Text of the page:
25. Since 1949 de jure discrimination has been abolished throughout the world, so that de facto segregation now presents the main challenge. In countries where racial discrimination was once legally enjoined, and in countries in which immigrants have entered at the bottom of the scale, the statistics show an association between socio-economic status and racial and origin which is transmitted from one generation to the next and can become self-perpetuating. Racial distinctions have then been incorporated in a system of social class distinctions. One of the main charges against colonial rule was that a small ruling elite segregated itself from the rest of the society. The elite then looked with sympathy on theories of racial superiority because these appeared to justify their position of privilege. Segregation poses wider problems than this. The partial separateness of the ethnic Chinese minority in Indonesia, together with their success in trade, generated resentment and made them a target for attack when conditions deteriorated. The separateness of Jewish and Arab communities in Palestine becomes itself a cause of ethnic discrimination and other human rights violations.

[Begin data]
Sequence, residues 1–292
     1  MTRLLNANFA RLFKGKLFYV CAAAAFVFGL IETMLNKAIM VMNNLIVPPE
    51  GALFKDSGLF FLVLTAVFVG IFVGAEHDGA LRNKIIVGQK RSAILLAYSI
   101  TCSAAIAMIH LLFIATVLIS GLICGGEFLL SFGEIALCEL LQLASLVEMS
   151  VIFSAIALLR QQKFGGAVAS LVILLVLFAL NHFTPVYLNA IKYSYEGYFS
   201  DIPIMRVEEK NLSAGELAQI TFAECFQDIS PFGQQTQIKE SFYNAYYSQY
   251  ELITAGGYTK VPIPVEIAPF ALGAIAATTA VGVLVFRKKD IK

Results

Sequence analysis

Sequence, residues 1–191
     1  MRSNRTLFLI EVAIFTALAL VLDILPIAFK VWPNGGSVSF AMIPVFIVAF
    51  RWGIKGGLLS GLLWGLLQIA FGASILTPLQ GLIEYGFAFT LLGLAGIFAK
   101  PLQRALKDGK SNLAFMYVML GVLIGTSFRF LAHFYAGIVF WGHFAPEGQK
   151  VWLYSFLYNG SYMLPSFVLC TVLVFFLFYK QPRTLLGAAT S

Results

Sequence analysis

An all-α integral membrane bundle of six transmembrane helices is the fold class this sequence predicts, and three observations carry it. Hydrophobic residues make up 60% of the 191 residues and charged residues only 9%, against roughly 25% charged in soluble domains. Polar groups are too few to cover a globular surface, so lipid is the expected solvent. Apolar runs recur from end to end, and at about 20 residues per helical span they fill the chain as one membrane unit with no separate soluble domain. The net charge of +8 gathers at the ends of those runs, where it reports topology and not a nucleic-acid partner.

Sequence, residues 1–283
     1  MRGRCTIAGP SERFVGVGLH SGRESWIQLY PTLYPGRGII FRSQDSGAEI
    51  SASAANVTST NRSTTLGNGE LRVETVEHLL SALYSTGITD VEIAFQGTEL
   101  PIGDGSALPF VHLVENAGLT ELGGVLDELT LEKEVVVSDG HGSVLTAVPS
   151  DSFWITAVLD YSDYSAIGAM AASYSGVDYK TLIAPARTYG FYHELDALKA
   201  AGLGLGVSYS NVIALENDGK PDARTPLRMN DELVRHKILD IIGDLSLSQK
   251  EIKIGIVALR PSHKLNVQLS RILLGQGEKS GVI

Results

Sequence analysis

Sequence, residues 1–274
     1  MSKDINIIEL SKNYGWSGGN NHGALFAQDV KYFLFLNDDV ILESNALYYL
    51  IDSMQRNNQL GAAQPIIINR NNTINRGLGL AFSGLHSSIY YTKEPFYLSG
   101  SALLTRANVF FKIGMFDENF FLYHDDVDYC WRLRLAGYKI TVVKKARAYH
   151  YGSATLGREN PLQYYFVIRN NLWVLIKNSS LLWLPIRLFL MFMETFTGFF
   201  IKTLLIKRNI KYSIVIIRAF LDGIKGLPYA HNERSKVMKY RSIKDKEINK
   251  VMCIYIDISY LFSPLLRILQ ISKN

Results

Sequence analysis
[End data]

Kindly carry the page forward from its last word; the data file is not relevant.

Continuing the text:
26. In its General Recommendation XIX of 1995 CERD noted that, while the reference to apartheid in article 3 of the International Convention may have been directed exclusively to South Africa, the article as adopted prohibits all forms of segregation in all countries. It went on to observe that while segregation may in some countries have been created by governmental policies “a condition of partial segregation may also arise as an unintended by-product of the actions of private persons. In many cities residential patterns are influenced by group differences in income, which are sometimes combined with differences of race, colour, descent and national or ethnic origin, so that inhabitants can be stigmatized and individuals suffer a form of discrimination in which racial grounds are mixed with other grounds. The Committee therefore affirms that a condition of racial segregation can also arise without any initiative or direct involvement by the public authorities. It invites States parties to monitor all trends which can give rise to racial segregation, to work for the eradication of any negative consequences that may ensue, and to describe any such action in their periodic reports”.